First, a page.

|Butterfly Fish on Great Barrier Reef|
A GOVERNMENT-run research body has found that the past 110 years of ocean warming has been good for the growth of corals spanning more than 1000km of Australia's coastline. The findings undermine predictions that global warming will devastate coral reefs, and add to a growing body of evidence showing corals are more resilient than previously thought - up to a certain point.
The study by the Australian Institute of Marine Science, peer-reviewed findings of which were published today in the leading journal Science, examined 27 samples from six locations from the West Australian coast off Geraldton to offshore from Darwin. At each site, scientists took cores from massive porites corals - similar to a biopsy in humans - and counted back to record their age in much the same way tree rings are counted. Although some cores extended to the 18th century, they focused on the period from 1900 to 2010.
|Giant Clam (Tridacna) on Great Barrier Reef|
The researchers found that, contrary to their expectations, warmer waters had not negatively affected coral growth. In fact, for their southern samples, where ocean temperatures are the coolest but have warmed the most, coral growth increased most significantly over the past 110 years. For their northern samples, where waters are the warmest and have changed the least, coral growth still increased, but not by as much.Of course, at some point between the current temperatures, and 100 C is a temperature at which increasing temperatures will lead to a decline in growth. Most temperature vs growth curves show an exponential ramp up with temperature (often expressed as a Q10) up to an optimum, and a fairly steep decline above that point. Other things that could be going on is increased food from nutrient enrichment as Australia has become more developed. Many corals are filter feeders (in addition to being photosynthetic by virtue of their zooxanthellae), and up to a point, nutrient enrichment could increase their food supply.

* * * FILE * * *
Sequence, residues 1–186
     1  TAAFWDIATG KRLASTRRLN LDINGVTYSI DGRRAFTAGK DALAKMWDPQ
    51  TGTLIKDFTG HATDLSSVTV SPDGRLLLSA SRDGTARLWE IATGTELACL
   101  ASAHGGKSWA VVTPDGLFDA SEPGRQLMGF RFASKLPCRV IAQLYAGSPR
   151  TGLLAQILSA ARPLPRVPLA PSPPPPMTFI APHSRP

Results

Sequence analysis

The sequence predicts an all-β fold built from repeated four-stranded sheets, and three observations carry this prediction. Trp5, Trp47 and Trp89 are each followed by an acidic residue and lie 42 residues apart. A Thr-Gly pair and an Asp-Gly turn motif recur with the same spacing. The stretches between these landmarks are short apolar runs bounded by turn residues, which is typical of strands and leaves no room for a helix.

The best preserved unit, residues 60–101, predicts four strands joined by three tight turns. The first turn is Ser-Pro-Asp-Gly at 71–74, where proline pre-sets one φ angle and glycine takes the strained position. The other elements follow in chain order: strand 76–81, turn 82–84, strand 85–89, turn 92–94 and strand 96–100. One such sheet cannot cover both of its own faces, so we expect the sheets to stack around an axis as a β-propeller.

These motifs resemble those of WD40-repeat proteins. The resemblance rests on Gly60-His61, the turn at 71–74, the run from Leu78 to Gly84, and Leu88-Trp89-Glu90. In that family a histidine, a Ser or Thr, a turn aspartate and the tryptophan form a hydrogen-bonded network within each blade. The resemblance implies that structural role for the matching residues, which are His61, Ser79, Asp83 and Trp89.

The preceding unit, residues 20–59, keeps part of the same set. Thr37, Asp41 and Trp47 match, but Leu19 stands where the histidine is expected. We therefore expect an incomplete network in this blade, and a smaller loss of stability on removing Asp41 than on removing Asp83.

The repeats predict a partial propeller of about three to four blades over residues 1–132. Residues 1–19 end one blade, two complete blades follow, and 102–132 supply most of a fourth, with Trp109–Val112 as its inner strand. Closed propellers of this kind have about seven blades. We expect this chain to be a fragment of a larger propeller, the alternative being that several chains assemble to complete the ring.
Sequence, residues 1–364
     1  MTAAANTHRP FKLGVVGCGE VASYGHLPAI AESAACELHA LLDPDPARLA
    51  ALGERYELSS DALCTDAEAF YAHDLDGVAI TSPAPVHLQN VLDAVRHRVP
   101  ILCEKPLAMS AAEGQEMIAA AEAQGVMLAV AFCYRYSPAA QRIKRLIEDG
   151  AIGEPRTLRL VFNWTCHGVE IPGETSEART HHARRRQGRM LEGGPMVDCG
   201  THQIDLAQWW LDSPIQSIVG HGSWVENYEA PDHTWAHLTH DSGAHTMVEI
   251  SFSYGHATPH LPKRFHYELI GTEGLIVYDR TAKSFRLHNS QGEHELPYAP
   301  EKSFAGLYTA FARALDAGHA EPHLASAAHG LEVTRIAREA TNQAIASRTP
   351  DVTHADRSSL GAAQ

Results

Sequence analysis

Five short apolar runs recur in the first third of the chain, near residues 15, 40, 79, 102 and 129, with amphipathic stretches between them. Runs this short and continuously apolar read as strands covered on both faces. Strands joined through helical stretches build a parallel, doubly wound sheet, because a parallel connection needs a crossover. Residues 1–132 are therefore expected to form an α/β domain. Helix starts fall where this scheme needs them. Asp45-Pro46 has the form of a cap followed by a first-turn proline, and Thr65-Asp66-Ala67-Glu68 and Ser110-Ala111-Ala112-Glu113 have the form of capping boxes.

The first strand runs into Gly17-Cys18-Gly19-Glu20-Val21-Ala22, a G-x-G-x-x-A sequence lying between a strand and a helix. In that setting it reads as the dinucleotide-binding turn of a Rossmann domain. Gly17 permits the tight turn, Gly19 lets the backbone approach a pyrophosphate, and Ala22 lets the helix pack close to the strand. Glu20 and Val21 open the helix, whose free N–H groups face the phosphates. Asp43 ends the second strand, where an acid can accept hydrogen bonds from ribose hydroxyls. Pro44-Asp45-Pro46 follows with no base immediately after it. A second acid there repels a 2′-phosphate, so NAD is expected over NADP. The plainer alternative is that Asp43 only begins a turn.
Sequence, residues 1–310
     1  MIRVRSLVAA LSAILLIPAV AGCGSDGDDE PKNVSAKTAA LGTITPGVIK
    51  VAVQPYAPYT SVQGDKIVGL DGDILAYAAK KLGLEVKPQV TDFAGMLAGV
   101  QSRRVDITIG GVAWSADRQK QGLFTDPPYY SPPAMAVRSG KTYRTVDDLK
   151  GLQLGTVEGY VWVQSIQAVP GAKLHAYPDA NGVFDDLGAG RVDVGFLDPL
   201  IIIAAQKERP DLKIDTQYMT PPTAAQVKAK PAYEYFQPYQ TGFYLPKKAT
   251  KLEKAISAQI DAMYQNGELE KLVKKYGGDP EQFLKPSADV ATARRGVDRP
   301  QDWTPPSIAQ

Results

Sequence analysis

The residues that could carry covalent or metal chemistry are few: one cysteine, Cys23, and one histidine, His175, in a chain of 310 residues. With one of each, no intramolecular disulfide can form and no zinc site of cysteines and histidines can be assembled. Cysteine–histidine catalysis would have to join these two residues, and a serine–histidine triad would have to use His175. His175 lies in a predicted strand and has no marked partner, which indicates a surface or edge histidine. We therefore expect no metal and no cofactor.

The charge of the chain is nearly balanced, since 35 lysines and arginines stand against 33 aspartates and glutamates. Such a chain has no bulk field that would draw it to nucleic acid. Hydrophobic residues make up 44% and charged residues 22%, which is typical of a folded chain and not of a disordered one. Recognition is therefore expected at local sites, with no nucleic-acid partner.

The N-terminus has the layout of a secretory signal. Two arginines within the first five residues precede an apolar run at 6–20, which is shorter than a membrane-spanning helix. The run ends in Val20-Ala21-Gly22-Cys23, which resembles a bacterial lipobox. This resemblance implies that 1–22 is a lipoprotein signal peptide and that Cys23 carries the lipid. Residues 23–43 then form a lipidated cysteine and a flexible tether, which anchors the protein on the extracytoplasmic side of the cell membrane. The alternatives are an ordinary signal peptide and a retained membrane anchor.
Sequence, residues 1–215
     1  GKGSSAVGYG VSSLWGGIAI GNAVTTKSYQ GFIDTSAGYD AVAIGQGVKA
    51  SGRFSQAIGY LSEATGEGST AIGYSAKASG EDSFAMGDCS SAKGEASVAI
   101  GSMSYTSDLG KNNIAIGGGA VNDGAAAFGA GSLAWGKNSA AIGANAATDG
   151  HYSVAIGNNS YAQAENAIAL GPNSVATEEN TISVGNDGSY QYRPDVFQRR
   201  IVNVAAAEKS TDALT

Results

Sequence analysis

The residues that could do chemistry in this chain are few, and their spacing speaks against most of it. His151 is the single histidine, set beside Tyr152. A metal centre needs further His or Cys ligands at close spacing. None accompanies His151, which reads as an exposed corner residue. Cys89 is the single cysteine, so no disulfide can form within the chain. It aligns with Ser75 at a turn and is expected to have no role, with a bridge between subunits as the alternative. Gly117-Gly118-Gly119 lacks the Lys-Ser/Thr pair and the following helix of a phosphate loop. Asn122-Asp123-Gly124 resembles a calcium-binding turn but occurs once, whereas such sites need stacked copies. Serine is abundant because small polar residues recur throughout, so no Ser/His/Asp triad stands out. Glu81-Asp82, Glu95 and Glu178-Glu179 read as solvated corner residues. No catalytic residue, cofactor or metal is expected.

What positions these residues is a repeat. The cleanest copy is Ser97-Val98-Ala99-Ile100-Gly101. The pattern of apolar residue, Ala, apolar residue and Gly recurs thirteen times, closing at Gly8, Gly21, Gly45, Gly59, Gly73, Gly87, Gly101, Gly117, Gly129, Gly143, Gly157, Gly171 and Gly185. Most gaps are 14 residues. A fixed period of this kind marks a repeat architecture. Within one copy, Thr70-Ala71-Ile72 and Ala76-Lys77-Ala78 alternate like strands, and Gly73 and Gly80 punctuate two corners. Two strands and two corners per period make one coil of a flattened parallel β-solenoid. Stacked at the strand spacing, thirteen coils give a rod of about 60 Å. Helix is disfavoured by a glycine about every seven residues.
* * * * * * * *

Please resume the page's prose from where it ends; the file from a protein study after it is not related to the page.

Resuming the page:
"Those reefs have actually been able to take advantage of the warmer conditions," said Janice Lough, a senior AIMS research scientist and one of the study's authors.
The pictures above are from our trip to Australia in 2009. The last one, with the Giant Clam, was the last picture taken before my supposedly water proof point and shoot camera filled up with seawater. I managed to rinse it out with freshwater and dry it, but it was never quite the same afterwards...